May it please your good L. since the writing of my last the 9th of this moneth, there hath nothing passed in this place in any matter of consultation, or other forrene occurrence, that I could think mighte deserve to be reported to your L. As touching Hulst I did assure my self that her Majesties ministers, which were present at the enterprise, would advertise sufficiently, & the winde was Easterly; wherby there was meanes for theyr lettres to come sooner to your L. then hether to the Hage. Not onely Zeland which was moste of all annoyed by the Land of Waes, but the generality of these countreys shall rx a great commodity by the conquest of that place. The present somme wherunto the Country about Hulst, hath yeelded for a monethly contribution is toward 800 li sterling, which after a while it is thought they may easely raise to triple as muche moreover they have given hostages for the payment of 7000 li sterling within the space of a moneth to redeeme theyr countrey from the spoile of the souldiers. In the Towne it self of Hulst the same order is taken, for the payment of Impost & accise, & other publick taxes, as they were put to before by order of the Ennemy, which are greater unto them than are usually imposed upon the inhabitantes of these countreys. Count Maurice hath concluded with the Councel of state to retourne again to Niuemegen. For by all advertisementes as well from the Countrey about it, as from some within the Towne theyr misery is such & so likely to encrease, as they cannot in reason but yeeld ere be long. And besides wee have sent frindes within the Towne in nomber sufficient, when the camp is come before yt to make a faction within, which they do promise to do effectually & assure us in a manner to be maisters of the place. The rendeyvous of the states forces is assigned the first of October at the fort of Cnossembourg, which is overagainst Nieumegen. The exploit it is thought wilbe quickly at an end, for which the Councel of state doth not purpose to go hence. We are alwaies heer so ill provided of intelligence of the Ennemy, as we know no other certainty of his going for France, then the brute of the people, which is the same that it hath bin that he goeth undoutedly. Nevertheles there are many men heer of an other opinion, that he wanteth men & mony to serve his turne in both respectes, to give a royal assistance to the D. de Maine, & to defend himself at home. For now that he ys touched by the States with an offensive warre, his weaknes is many waies very notably discovered, & espetially his ignorance in the state of those countreys, aswell in regard of the strength of theyr forces, as of the nature & sute of theyr townes & places. Heerof we are daily more assured, not onely by those cowrses which he hath taken all this sommer, but by divers lettres intercepted, & chiefly nowe of late by certain neutrall parsons, men of very good fol.220v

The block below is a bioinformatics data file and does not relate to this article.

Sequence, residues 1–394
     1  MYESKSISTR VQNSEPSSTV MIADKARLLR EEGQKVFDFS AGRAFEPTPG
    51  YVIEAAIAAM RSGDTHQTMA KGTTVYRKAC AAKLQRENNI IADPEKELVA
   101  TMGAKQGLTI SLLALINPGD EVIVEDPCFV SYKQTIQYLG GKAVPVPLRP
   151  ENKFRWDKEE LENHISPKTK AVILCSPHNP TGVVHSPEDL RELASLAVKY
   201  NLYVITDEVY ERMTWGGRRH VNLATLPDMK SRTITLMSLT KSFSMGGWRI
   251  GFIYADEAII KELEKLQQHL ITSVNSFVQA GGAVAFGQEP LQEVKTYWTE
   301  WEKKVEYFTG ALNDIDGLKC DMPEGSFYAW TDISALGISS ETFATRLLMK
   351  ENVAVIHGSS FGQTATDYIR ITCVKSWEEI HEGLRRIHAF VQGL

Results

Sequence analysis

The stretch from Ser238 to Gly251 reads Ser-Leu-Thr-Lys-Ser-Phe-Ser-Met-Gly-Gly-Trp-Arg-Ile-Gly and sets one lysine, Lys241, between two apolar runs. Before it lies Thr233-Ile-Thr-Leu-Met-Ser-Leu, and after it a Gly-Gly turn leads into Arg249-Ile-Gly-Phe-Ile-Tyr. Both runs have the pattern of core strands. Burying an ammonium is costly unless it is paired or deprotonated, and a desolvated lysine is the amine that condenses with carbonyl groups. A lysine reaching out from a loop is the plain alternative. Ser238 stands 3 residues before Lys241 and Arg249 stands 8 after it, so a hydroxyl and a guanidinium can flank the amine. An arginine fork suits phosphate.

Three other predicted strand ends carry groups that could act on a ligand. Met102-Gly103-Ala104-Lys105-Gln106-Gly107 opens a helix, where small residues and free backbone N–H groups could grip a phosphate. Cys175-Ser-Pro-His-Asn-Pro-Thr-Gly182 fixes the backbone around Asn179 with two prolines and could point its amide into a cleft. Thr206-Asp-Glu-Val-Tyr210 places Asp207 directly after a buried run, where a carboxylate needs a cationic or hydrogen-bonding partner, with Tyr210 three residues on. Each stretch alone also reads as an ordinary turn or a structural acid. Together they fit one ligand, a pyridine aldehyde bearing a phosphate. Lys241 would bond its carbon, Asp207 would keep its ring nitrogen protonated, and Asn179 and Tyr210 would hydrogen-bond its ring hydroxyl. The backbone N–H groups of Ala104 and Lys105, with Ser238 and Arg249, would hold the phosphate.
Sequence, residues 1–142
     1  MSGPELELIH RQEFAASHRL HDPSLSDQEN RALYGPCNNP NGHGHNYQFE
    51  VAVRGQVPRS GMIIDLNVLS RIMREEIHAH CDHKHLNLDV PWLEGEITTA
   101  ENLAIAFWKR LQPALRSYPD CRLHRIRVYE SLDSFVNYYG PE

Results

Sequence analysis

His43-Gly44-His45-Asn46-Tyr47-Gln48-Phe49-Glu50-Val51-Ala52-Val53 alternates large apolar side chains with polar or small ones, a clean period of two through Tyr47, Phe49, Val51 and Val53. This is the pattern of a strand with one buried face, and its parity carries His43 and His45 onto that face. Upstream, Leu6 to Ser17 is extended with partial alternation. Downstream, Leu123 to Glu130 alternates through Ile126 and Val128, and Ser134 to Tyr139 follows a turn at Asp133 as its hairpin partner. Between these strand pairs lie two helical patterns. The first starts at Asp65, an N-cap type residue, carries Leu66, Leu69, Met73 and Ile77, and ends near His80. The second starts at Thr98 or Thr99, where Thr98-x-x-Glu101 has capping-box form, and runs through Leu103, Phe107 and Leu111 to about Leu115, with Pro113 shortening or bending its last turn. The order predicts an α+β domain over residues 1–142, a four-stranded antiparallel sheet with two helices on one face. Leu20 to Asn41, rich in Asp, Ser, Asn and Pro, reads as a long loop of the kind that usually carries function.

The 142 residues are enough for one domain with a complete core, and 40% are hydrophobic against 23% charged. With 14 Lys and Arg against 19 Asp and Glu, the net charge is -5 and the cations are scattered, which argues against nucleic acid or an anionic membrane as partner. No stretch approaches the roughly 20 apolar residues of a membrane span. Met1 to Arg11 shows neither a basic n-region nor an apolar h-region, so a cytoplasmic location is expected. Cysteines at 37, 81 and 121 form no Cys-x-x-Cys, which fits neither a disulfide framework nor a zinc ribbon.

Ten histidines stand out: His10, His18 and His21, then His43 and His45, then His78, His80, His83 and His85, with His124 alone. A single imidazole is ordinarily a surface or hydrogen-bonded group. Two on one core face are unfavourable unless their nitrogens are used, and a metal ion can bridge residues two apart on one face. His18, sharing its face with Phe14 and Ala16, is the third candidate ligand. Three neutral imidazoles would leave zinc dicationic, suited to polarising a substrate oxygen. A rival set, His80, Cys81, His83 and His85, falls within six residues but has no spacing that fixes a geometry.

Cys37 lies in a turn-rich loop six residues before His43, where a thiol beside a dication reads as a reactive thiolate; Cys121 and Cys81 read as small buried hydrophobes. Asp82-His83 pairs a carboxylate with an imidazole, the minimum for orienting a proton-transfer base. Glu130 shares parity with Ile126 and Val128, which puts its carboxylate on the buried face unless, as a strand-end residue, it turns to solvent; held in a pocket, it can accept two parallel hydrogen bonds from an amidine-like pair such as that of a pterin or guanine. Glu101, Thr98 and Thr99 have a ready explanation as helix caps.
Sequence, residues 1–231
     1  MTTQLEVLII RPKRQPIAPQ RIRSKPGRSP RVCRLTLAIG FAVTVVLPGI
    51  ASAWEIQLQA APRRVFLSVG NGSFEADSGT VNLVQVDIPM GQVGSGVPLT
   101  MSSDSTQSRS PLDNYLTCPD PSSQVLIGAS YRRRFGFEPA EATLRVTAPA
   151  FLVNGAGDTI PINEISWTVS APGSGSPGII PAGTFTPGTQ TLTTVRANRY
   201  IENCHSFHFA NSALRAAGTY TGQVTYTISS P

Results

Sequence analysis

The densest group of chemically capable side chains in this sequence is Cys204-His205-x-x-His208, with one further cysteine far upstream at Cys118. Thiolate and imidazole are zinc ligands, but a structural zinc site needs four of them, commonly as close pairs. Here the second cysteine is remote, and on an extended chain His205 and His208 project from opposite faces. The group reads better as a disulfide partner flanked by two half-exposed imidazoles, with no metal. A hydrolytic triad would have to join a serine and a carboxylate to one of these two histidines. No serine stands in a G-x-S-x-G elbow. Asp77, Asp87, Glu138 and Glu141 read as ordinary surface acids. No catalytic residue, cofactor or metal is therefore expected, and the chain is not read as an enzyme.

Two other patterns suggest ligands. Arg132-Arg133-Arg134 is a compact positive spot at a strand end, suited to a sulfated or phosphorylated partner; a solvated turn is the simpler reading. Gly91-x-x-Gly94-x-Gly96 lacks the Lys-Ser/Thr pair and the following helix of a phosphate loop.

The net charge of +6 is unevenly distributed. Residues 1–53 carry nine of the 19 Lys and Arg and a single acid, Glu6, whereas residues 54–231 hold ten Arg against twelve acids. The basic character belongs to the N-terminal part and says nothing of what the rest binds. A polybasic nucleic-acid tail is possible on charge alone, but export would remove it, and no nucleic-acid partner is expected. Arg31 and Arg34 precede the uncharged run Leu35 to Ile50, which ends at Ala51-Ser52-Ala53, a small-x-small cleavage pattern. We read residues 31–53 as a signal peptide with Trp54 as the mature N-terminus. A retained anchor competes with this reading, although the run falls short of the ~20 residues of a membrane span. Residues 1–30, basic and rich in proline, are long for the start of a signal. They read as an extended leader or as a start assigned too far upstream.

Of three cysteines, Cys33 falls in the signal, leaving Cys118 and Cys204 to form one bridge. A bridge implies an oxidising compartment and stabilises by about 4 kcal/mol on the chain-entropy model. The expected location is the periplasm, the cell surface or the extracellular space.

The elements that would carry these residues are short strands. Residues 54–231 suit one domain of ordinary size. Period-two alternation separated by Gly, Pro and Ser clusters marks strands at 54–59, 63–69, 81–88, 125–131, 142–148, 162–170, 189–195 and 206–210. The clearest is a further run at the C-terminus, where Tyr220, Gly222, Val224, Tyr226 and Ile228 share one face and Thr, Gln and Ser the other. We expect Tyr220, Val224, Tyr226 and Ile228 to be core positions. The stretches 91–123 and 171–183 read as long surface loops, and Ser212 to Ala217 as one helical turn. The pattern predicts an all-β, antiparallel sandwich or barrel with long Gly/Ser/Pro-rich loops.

Later Addition: Belgia: 1591. September